The Labour-Green government can start making savings next
month if it invests appropriately in bicycle facilities such as bike lanes and
cycleways when it hands down the 2012-2013 state budget in April.
Decades of inaction in providing for cyclists when building and improving the
road network has led to spiraling claims by bicycle riders through MAIB,
costing over $80 million since 1990 according to the Menzies Research Centre
analysis reported this week (‘$80m bicycle prang payouts’, Mercury, 23/4).
Tasmania has fallen so far behind all other Australian states in providing a
low risk and easy to use bicycle networks that the state may be held liable for
cyclist crashes and face claims from insurance companies for failure provide
equitable amenity for all road users, says peak bicycle rider membership
organisation, Bicycle Tasmania.
The equivalent to the RACT for bike riders, Bicycle Tasmania says its members
are increasingly concerned that the state budget for new bicycle facilities is
now $0 despite the increasing number of riders. The organisation offers
personal accident and third party insurance to members but says this only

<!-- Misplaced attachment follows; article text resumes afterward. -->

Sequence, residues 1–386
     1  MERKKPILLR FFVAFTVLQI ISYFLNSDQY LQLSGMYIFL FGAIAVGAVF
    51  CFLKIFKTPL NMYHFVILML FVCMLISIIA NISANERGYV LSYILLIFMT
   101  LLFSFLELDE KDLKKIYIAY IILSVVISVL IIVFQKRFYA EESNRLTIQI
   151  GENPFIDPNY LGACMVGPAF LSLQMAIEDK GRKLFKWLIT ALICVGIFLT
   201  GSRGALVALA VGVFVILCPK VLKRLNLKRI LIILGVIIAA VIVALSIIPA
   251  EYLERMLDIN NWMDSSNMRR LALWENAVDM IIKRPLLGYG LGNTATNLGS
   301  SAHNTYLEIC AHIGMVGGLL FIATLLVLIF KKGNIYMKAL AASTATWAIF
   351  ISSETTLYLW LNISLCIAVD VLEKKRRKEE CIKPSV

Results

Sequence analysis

offers slight peace of mind for most who are forced to share the road with cars
and trucks without adequate infrastructure.
Bicycle Tasmania Facilities Development Officer Emma Pharo said ‘the Tasmanian
Government needed to acknowledge the 19% of Tasmanians who ride a bike each
week and start funding real projects on the principle urban bicycle networks in
Launceston, Hobart, Devonport and Burnie’.
‘If the Labour-Green government wants to make savings this budget then it must
look no further than to allocate capital to where there will be strong return.
Through work done by Transport and Main Roads in Queensland there is now an
accepted estimate that every 1000 new bike riders are worth $15 Million over 30
years. Every $1 Million that is spent on cycleways will equate to $20 Million
in health savings alone to the community’ she said.
In its submission ‘Creating Healthy Connections’ to the community budget
consultation in January, Bicycle Tasmania detailed 428 km of cycleway project
opportunities but fears that Tasmania’s bike riding potential will be ignored
due to ignorance of senior government officials about the funding required to
support greater participation in bike riding.
‘It has been made clear to the State Government that an allocation of $15
Million over the next three years is the minimum investment required to support
more Tasmanians riding more often’ said Ms Pharo.
‘With bicycle facility projects such as Sandy Bay Rd, nearing a ‘shovel ready’
stage, the State Government must reward local councils for their planning and
consultation work by providing an annual allocation towards capital works on
the principle bicycle network’.
Media enquiries: Emma Pharo – 0447 341 105